Local organizing committee: Manuel Heras Escribano (UGR) & Manuel de Pinedo (UGR).
Supported by: Departamento de Filosofía I, Universidad de Granada & Research project “Dispositions, Holism and Agency” (MEC, FFI2010-19455)
Under the auspices of AIFBI (Asociación Iberoamericana de Filosofía de la Biología).
More information will be available soon at http://ivresearchworkshop.wordpress.com.
The Jagiellonian-Rutgers Conference in Cognitive Science
(…and more TBC)
During the Jagiellonian-Rutgers Conference in Cognitive Science we shall focus on the current state of research on cognition and action, looking more deeply into the links between the two. Main topics include, but are not restricted to, varieties of cognition and action, perception and coordination, planning and execution, impact of emotions on performance, decision making, language and performance, cognitive dimensions of moral actions, models for spatial navigation and motor control, and cognitive integration.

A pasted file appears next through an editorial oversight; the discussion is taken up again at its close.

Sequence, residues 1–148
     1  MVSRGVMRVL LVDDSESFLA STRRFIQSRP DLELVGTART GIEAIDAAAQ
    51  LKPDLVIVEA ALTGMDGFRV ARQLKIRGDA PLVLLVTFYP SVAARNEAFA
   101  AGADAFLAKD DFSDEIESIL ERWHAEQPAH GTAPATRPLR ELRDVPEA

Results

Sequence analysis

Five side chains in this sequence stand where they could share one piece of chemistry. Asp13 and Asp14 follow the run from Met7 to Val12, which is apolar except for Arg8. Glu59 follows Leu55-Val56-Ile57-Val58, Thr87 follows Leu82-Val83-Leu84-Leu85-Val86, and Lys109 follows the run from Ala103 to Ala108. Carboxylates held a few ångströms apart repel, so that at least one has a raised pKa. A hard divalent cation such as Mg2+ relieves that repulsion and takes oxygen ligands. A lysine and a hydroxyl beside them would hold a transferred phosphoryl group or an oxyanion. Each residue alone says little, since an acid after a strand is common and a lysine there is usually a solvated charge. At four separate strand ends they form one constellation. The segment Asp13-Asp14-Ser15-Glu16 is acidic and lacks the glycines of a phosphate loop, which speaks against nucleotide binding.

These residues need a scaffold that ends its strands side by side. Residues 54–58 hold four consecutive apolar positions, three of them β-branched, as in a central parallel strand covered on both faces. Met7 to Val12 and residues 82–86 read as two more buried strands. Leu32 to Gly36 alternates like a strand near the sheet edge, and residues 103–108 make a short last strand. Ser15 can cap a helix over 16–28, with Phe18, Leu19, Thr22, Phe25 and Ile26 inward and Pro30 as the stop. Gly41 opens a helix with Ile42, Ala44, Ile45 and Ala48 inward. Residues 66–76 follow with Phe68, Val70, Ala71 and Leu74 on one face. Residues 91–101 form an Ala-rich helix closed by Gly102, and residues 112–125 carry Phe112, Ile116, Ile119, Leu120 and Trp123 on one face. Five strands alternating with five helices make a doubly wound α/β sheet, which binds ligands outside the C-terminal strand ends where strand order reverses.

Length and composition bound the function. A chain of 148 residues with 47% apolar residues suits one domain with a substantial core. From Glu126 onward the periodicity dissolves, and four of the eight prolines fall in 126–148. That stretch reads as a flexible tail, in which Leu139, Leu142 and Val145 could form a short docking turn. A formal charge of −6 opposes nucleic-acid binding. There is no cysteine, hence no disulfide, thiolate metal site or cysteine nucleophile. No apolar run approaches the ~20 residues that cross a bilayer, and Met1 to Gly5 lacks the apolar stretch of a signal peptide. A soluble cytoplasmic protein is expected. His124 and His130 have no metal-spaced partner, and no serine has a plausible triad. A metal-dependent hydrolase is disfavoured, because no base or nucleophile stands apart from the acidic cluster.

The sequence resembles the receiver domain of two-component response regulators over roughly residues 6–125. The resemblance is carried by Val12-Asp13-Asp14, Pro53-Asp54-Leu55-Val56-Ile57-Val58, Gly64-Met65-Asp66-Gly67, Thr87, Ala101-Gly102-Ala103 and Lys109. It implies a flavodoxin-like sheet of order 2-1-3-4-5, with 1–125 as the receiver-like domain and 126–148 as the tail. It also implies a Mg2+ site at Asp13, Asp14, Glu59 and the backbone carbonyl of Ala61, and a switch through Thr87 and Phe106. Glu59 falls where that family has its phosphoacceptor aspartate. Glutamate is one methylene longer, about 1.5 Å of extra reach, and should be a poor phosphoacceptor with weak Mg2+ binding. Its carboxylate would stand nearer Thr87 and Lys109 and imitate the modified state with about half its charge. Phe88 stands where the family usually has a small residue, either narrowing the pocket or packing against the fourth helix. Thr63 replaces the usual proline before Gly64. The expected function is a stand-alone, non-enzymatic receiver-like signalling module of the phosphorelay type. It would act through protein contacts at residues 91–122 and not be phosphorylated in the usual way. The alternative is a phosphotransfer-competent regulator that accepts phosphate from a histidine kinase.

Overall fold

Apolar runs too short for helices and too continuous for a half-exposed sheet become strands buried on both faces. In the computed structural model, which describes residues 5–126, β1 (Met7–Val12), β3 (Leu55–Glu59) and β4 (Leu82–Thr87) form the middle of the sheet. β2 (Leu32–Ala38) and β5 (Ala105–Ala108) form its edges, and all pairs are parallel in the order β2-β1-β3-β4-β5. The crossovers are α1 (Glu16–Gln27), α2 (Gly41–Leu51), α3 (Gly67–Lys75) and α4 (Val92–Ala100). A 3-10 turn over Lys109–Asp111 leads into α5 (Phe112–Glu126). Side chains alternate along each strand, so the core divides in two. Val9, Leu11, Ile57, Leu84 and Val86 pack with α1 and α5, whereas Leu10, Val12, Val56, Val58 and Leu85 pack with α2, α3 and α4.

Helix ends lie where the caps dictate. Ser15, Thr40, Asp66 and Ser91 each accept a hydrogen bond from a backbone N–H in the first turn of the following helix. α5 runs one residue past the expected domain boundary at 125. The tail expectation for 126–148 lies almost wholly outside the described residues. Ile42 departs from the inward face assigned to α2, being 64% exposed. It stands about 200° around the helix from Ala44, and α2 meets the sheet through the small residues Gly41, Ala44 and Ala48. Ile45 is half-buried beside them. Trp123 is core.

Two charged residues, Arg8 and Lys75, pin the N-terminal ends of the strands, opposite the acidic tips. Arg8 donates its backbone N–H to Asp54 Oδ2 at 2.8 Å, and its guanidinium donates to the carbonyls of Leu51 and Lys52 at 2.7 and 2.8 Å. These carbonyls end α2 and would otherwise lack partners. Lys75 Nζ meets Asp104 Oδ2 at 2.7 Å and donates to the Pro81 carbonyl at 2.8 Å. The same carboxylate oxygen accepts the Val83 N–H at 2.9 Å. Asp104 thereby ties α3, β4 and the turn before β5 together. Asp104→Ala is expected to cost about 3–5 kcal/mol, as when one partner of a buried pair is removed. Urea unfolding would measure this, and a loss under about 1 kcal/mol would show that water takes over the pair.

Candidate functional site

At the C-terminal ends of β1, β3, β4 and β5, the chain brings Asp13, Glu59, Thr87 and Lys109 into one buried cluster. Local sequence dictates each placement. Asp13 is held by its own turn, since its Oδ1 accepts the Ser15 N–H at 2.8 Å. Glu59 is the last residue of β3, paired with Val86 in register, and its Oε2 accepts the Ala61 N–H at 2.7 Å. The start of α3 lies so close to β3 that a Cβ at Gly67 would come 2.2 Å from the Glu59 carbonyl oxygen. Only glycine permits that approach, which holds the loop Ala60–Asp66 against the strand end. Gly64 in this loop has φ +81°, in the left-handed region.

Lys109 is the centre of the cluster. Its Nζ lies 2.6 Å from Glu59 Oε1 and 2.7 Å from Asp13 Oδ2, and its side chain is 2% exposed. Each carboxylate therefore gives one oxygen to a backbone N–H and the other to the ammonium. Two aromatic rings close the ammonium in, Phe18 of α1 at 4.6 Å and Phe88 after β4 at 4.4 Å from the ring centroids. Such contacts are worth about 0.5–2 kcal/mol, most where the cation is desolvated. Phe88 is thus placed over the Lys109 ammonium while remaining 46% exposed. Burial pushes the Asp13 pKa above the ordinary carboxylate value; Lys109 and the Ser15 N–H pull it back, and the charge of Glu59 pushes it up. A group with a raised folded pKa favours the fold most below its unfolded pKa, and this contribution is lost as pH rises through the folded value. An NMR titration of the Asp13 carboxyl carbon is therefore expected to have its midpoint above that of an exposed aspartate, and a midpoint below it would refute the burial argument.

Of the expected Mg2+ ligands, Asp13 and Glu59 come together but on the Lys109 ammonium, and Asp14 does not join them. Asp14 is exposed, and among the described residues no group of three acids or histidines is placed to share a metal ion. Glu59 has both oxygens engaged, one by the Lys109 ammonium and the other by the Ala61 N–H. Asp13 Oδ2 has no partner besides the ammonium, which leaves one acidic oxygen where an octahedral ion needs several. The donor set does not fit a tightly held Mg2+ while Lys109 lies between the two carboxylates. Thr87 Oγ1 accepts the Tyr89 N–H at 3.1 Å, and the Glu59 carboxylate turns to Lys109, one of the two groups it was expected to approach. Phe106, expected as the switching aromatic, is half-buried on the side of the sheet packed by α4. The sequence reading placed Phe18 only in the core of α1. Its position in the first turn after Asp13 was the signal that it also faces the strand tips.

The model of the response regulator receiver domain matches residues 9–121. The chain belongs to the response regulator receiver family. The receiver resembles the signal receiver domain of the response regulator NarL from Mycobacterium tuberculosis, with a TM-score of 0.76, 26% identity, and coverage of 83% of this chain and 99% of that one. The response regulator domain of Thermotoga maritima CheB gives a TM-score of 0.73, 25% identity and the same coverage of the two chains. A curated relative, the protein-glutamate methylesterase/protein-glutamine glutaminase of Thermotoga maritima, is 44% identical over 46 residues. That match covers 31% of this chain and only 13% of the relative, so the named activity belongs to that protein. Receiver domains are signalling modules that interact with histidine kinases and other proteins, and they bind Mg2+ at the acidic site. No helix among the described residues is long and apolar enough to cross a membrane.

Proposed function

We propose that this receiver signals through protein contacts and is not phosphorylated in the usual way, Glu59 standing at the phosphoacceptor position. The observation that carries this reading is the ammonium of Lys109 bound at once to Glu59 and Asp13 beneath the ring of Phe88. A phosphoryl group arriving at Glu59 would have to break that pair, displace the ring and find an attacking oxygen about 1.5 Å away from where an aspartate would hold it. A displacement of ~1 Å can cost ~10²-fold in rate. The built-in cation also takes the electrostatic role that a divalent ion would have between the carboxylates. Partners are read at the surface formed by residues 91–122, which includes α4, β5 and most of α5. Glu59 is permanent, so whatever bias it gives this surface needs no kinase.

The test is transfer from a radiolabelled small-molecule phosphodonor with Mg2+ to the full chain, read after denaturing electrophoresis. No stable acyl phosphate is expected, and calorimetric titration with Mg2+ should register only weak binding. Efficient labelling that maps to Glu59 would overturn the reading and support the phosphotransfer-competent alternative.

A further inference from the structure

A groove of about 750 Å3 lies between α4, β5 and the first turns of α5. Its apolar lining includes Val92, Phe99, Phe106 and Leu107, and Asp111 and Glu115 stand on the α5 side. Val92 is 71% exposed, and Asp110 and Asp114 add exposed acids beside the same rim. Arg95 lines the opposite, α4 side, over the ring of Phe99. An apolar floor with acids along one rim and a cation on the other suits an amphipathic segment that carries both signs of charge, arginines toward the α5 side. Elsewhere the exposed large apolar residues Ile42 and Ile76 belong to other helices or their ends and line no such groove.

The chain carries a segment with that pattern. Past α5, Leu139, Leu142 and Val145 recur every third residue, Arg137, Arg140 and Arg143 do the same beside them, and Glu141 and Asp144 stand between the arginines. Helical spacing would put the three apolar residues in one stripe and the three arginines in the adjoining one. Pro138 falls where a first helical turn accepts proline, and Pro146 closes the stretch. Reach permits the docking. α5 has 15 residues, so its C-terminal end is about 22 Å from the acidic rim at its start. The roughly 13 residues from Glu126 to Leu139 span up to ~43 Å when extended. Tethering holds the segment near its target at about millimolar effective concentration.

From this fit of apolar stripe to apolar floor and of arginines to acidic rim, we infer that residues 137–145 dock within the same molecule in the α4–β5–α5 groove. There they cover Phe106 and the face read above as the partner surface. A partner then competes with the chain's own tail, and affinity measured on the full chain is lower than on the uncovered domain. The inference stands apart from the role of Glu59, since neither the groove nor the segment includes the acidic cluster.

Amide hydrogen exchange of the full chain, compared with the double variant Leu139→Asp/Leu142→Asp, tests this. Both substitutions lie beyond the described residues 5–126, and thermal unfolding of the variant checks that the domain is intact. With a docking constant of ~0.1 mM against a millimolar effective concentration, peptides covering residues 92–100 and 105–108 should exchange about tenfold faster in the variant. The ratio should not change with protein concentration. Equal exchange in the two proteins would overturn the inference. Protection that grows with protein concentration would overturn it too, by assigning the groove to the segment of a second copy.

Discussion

Aiming to provide a forum where to discuss new concepts and innovative approaches in all branches of cognitive science research, we encourage submissions of both basic and applied work.
For submission and registration guidelines as well as other information about the conference, please visit cognitivescience.eu.
Looking forward to seeing you in Kraków in June 2014,
Sebastian T. Kolodziejczyk & the Organising Committee
PS. Please circulate widely
1st – 4th April 2014, Goldsmiths, London, UK
A one-day symposium (exact date TBC) taking place as part of the 2014 convention of the Society for the Study of Artificial Intelligence and the Simulation of Behaviour (the AISB).
Deadline for submissions: 7th January 2014